I think recipes such as this oven-baked beef stew or whole roast chicken make a noob cook look very clever, as they are easier to pull off than they looked. Stews are also perfect for entertaining and gatherings – you’ll impress your folks while feeding a lot at the same time. Beef stew is usually enjoyed by those staying in colder regions, but in tropical Singapore, I’m determined not to be deprived of this delicious dish.
Perhaps December is the best month to enjoy this stew with our wetter days and slightly cooler nights. Special thanks to my friend Joyce, who taught me this recipe (I adapted her recipe but it is still largely built around her original) and don’t mind that I share the recipe on my blog.
A tip about the beef to use from my friend Joyce. You could buy ready-cut stew beef cubes, but you can save money if you buy a whole chunk of meat and cut it yourself. She recommended me to get the “chuck tender” cut found at the chiller section of Giant hypermart in Singapore and yes, it is economical and good.
If slicing your own meat, rinse and pat dry the meat with kitchen towel, then cut them to large cube chunks.
Season beef cubes with salt and pepper. Heat Dutch oven with olive oil, then add beef cubes one at a time (you will hear a gentle sizzle and see slight smoking) to form one layer on the pan. Do not overcrowd the meat. Let the cubes brown on one side, then flip over with kitchen tongs and brown on the other side. Take out browned meat and set aside. Add more oil to the casserole if needed and repeat until all the beef cubes are browned.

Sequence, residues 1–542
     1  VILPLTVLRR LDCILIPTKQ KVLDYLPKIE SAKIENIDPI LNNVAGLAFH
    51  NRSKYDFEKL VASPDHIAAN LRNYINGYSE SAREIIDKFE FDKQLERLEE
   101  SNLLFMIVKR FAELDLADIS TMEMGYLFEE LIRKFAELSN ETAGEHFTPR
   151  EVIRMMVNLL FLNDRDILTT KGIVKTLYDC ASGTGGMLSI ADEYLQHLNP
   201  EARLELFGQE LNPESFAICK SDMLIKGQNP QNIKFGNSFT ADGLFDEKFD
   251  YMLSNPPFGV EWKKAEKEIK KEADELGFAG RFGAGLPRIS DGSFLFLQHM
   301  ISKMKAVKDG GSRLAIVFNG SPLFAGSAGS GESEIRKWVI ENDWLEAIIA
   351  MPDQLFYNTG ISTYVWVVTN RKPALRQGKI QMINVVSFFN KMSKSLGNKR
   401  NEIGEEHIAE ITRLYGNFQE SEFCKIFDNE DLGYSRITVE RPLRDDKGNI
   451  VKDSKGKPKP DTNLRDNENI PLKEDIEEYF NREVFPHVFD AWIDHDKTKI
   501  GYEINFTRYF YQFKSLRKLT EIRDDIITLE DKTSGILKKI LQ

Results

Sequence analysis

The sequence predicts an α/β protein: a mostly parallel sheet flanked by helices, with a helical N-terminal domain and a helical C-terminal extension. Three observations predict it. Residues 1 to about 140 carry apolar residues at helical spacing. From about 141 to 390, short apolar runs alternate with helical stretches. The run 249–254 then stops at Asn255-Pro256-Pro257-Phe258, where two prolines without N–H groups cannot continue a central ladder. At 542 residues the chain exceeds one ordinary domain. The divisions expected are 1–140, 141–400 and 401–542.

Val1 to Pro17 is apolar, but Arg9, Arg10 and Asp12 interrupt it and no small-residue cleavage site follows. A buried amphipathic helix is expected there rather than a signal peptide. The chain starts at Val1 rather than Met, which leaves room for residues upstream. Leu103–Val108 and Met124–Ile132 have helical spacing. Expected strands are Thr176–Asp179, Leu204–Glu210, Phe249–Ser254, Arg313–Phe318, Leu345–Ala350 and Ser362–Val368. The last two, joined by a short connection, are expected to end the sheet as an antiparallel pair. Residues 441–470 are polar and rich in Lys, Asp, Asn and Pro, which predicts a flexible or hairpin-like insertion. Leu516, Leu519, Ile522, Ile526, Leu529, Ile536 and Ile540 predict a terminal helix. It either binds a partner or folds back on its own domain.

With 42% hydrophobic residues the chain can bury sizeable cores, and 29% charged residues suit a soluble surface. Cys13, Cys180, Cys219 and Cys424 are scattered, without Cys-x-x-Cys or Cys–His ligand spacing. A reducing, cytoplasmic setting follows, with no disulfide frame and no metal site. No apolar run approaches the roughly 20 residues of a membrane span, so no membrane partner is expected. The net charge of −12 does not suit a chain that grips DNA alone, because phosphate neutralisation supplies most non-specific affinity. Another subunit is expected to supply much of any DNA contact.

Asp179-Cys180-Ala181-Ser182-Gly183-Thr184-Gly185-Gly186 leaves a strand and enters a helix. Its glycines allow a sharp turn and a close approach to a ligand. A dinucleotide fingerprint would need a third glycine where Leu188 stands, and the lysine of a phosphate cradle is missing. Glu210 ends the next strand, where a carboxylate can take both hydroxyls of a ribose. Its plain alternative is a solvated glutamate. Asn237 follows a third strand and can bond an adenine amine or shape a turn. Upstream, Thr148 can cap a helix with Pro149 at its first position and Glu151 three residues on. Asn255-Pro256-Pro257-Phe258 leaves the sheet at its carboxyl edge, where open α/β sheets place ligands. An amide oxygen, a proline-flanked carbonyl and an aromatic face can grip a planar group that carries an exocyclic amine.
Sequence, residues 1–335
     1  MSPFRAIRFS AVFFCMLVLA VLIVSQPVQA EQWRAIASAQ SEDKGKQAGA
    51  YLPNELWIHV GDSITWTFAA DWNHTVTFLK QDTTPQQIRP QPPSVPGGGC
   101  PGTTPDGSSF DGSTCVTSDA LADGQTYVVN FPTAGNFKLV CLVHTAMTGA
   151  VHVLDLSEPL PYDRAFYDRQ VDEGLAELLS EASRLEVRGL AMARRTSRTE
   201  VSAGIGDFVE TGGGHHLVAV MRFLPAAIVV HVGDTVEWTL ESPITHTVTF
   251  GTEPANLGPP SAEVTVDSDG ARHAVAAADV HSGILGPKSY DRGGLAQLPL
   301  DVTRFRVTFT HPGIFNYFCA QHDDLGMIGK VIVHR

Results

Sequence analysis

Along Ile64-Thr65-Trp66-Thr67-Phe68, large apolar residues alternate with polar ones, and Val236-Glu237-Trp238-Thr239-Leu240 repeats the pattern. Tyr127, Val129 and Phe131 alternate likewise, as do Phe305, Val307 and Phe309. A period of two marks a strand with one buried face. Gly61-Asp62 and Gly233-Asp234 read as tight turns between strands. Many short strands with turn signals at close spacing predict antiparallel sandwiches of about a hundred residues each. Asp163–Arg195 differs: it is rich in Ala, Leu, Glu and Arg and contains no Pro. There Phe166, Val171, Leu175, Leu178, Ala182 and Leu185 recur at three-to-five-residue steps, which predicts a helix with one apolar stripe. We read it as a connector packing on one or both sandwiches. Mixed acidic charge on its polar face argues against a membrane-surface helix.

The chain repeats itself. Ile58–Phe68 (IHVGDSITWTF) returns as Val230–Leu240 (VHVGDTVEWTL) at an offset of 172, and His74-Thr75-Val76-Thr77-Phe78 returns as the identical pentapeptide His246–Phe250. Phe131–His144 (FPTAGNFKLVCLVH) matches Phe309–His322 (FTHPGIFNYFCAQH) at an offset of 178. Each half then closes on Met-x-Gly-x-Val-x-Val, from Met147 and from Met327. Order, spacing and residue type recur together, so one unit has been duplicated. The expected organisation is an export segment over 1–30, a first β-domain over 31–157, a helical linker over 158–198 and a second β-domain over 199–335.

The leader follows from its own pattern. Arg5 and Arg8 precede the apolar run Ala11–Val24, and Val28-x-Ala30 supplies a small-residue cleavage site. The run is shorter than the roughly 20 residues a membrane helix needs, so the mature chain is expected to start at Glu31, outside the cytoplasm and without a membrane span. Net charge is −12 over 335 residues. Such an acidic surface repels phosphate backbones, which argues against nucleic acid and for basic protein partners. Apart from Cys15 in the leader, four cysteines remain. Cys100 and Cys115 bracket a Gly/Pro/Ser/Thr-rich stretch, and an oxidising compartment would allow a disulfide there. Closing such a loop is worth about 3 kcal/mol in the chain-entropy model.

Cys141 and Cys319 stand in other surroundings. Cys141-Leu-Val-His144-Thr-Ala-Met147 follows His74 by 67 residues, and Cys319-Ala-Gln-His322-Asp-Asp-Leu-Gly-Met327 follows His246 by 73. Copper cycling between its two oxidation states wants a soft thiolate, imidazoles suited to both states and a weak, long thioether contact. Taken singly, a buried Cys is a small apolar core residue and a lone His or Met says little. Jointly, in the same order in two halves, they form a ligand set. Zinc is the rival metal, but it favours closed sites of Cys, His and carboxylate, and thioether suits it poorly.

My browned beef cubes. For the lot of beef cubes I had, I browned them in 3 batches.Do not discard the brown bits or juices collected in the casserole. I learnt from watching cooking shows that browning meats is an important step when making stews and doing so add a lot of flavour to the stew.
Add a bit more olive oil to the casserole. Then add celery and onions and ‘sweat’ them on medium low heat (about 3 -5 minutes). You will see them turning brown from soaking the juices left in the casserole.
Pour a glass of red wine in and saute the celery and onions and wait a few seconds for the alcohol to evaporate (you smell the nice aroma of the wine).
Stir in 1 tbsp plain flour and cook for one minute more to thicken the mixture.
Add beef stock and when it comes to a simmer, add carrots, bay leaves, peppercorns, thyme, garlic, mushrooms and Worcester sauce. Bring the stew to a simmer.
While waiting for the stew to simmer, peel potatoes and quarter them.
By the time you are done with the potatoes, the pot will likely be bubbling away and the mushrooms would have shrunken somewhat, making space for more ingredients in the casserole.
Add potatoes and the previously browned beef cubes to the casserole.
When the stew is bubbling, turn off the stove. Cover the casserole with lid and transfer to an oven. Bake the casserole at 180°C (356°F) for 1 hour and 20 minutes.
Take the casserole out and check the consistency of the stew. I find mine a little too watery so I add 1 more tbsp plain flour to thicken the stew. Stir through to dissolve the flour. Adjust to your liking. If it’s too dry, you can add more beef broth or hot water.
Add thawed frozen vegetables and mix into the stew.
Cover with lid and bake for another 15 minutes, or until the beef is tender. Season with salt and freshly cracked black pepper, if needed.